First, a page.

Professional Footballers' Association chief executive Gordon Taylor was today ready to act as a mediator in the Luis Suarez-Patrice Evra race row.
The Football Association are investigating a complaint from Manchester United defender Evra, who accused Liverpool striker Suarez of racially abusing him during Saturday's Barclays Premier League game at Anfield.
Suarez yesterday said he was "upset" by Evra's allegation, which he has categorically denied.
Speaking at the Professional Players Federation (PPF) annual conference today, Taylor said he would be prepared to mediate between the players if necessary.
He told Press Association Sport: "It's something we've done in the past and it's something I hope we'll be asked to do in the future.
"We need to try to cool down and reflect on what happened and to contact the FA and see what form their inquiry will take.
"It's good to get this put behind us as quickly as possible instead of letting these things fester and become blown up again."
He added: "It's very disappointing to have two of our players from different countries at odds over a very serious issue.
"Only by having a full inquiry on such matters can we get to the bottom of it and try to make sure that such problems don't arise again in the future."
PPF chairman Brendon Batson, a campaigner for greater black and ethnic minority representation in the game, told Press Association Sport: "Obviously, something has gone on to the extent that Evra made a complaint, and I know that Suarez has denied making any comment.
"For the good of the game, and for the reputation of the players involved and the clubs involved, we need to get to the bottom of it."
Evra made an accusation of racism three years ago against a member Chelsea's ground staff, a claim that was ultimately dismissed.
Batson was confident the authorities treated every allegation "seriously".
He added: "It's on the evidence that's available.
"I know the referee didn't hear it but he included it is his report because of the complaint from Evra.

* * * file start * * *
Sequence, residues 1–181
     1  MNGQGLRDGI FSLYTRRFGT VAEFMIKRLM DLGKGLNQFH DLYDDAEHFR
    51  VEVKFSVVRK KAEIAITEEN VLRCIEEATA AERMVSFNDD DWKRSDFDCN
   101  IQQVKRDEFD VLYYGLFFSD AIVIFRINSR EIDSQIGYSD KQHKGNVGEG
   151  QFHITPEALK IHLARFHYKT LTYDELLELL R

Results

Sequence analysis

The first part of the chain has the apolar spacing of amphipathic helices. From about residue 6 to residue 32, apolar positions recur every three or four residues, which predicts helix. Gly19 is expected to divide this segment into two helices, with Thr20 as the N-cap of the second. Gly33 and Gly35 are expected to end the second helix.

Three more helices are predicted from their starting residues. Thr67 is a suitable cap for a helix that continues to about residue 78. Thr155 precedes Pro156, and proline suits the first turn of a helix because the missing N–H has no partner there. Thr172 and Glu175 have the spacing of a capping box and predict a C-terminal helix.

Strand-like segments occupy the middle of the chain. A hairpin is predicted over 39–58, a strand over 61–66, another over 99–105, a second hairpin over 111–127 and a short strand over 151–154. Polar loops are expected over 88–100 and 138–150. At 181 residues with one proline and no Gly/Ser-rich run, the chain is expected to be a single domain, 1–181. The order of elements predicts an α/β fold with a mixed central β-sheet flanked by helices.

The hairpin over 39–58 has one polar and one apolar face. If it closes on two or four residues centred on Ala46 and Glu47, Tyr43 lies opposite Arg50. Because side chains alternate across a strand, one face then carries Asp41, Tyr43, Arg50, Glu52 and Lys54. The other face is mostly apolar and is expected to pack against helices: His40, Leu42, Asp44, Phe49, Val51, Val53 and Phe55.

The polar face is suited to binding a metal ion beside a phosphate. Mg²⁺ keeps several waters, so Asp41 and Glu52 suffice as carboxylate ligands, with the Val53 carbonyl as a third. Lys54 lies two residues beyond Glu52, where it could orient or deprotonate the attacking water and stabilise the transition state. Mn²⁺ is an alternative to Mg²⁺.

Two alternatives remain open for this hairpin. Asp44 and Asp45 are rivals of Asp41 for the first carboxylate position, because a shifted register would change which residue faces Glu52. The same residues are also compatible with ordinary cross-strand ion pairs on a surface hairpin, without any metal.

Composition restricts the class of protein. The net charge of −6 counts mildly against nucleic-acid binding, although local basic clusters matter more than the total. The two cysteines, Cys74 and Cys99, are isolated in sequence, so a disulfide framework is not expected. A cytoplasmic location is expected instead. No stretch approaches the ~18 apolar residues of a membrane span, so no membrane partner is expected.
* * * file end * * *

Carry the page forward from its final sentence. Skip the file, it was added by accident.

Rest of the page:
"Whatever investigation is going to be done has to be thorough and very transparent as well."
Kick It Out chairman Lord Herman Ouesley believes any footballer guilty of racism must face "severe action" from both the Football Association and the club but stressed "you would have to be able to prove it beyond reasonable doubt".
The head of football's equality and inclusion campaign said in a statement: "There were incidents in the second half (of Saturday's match) and Evra seemed to get very agitated so something was obviously bugging him because he was quite incensed.
"But if this happened he should have brought it to the attention of the referee at the time.
"No doubt the FA will take the matter seriously and consider the complaint fully in order for them to take appropriate action."
Ironically the allegations have arisen at start of Kick It Out's One Game, One Community campaign which runs until October 31 and features, among other fixtures, Liverpool's home match to Norwich this weekend.
The programme is part of a simultaneous initiative across the continent with Football Against Racism in Europe's Action Week, with this week's matches in the Champions League and Europa League being used as a basis for activities at 40 matches.
Throughout Kick It Out's 18-day campaign in the UK clubs will be making holding matchday events at their dedicated fixture with players wearing T-shirts promoting the initiative.